Edited by Leslie Atzmon
Edited by Marguerite Helmers
Information and Pricing
978-1-60235-191-2 (paperback, $40 ); 978-1-60235-192-9 (hardcover, $80); 978-1-60235-193-6 (PDF, $19.99) © 2011 by Parlor Press. 472 pages, including illustrations, bibliography, notes, and index.
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About This Book
The essays in Visual Rhetoric and the Eloquence of Design foreground the rhetorical functions of design artifacts. Rhetoric, normally understood as verbal or visual messages that have a tactical persuasive objective—a speech that wants to convince us to vote for someone, or an ad that tries to persuade us to buy a particular product—becomes in Visual Rhetoric and the Eloquence of Design the persuasive use of a broad set of meta-beliefs. Designed objects are particularly effective at this second level of persuasion because they offer audiences communicative data that reflect, and also orchestrate, a potentially broad array of cultural concerns. Persuasion entails both the aesthetic form and material composition of any object.
Visual Rhetoric and the Eloquence of Design features ten scholarly essays steeped in rhetorical analysis of artifacts, as well as two visual essays on the topic of ornamental typography with accompanying verbal texts. The essays in this collection span a number of design disciplines, including manufacturing design, graphic design, architectural design, and monument design. Contributors include Leslie Atzmon, Gerry Beegan, Guillemette Bolens, Kate Catterall , Barry Curtis, Michael Golec, Vladimir Kulik, Ryan Molloy, Teal Triggs, Jane Webb, Jack Williamson, and Lori Young.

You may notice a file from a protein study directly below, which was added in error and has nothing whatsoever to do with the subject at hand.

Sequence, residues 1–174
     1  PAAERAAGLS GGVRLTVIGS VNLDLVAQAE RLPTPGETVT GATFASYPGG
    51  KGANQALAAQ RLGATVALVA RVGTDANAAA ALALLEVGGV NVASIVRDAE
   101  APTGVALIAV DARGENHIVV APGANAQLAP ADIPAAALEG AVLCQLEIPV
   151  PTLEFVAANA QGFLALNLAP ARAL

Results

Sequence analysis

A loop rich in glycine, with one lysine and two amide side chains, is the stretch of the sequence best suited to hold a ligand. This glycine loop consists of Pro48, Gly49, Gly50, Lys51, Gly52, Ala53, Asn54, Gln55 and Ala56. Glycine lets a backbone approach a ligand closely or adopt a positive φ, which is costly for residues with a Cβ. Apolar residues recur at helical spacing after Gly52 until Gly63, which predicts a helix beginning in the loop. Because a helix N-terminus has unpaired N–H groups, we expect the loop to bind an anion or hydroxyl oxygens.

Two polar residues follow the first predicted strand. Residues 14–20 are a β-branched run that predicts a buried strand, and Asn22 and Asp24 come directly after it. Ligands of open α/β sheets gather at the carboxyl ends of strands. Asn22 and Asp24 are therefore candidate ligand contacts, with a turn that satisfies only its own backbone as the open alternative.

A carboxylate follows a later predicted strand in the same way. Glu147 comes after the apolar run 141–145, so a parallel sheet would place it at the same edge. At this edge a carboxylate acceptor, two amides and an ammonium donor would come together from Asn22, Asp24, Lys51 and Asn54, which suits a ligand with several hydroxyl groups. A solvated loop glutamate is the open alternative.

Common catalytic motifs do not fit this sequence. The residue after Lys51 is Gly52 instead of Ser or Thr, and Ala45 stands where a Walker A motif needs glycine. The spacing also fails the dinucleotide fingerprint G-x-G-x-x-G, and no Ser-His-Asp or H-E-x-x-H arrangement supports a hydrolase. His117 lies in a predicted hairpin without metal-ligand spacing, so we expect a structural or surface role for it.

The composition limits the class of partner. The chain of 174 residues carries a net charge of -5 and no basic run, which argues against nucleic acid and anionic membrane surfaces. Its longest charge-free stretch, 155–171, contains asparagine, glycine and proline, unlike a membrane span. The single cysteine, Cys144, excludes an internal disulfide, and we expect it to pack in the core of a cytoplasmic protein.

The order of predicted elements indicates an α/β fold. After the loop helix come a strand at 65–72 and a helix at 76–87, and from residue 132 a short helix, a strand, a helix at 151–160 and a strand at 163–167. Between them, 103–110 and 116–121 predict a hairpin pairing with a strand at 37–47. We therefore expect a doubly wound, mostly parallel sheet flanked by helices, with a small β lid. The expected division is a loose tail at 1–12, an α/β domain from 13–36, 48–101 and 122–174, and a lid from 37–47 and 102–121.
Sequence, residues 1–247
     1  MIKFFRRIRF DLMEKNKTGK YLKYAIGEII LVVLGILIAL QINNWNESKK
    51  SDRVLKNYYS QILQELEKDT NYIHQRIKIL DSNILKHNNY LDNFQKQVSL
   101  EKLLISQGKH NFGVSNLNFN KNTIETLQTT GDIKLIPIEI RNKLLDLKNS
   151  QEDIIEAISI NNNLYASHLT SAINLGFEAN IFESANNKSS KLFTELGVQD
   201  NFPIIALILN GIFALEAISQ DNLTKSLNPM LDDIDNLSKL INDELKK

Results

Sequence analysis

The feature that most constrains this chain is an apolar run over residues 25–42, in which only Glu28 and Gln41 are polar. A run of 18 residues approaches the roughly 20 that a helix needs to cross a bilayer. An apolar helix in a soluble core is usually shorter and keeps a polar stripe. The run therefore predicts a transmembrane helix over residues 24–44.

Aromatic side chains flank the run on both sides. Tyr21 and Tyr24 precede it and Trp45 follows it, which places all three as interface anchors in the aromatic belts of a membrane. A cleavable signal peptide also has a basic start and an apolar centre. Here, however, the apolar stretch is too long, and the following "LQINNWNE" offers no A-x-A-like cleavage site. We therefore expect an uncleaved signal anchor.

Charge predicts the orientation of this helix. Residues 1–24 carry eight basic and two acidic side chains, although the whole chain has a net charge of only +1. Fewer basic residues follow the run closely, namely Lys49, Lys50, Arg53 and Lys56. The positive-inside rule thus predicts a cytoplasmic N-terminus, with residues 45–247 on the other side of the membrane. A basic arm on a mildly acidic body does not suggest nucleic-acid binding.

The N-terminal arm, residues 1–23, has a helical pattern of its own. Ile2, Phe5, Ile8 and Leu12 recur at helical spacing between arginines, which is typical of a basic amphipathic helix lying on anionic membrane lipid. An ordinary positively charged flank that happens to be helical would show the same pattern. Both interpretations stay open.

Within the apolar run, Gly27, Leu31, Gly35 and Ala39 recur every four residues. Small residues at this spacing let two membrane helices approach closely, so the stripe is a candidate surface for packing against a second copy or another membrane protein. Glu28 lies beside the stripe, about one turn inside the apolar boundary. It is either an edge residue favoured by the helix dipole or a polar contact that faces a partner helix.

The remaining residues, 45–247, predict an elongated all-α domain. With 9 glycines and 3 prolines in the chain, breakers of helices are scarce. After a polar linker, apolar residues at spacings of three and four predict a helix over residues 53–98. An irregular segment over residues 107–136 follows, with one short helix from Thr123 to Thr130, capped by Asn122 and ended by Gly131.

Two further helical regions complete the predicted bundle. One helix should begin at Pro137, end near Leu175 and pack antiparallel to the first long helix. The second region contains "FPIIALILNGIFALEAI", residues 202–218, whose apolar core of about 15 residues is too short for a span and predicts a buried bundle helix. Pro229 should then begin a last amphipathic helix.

About the Editor
Leslie Atzmon is Professor of Graphic Design and Design History at Eastern Michigan University in Ypsilanti, Michigan. She earned her MFA in graphic design from Eastern Michigan University, and her PhD in Design History from Middlesex University in London, England. Atzmon’s work includes visual projects as well as design historical research. She has published articles in the journals Design Issues and Visual Communication, and has most recently published two articles in the online version of Eye: magazine. Atzmon has presented her work at the Design History Society conference, the Design Research Society conference, the AIGA Design Education conference, the Modern Language Association conference, and the International Conference of Design Studies and Design History. Her principle areas of research interest are late nineteenth-century fantasy imagery, book history, and the history of typography. Atzmon was awarded a Kress Foundation Pre-Dissertation Travel Fellowship in the History of Art for the 2003-2004 academic year. She is a member of the AIGA (American Institute of Graphic Artists) and the Design History Society.
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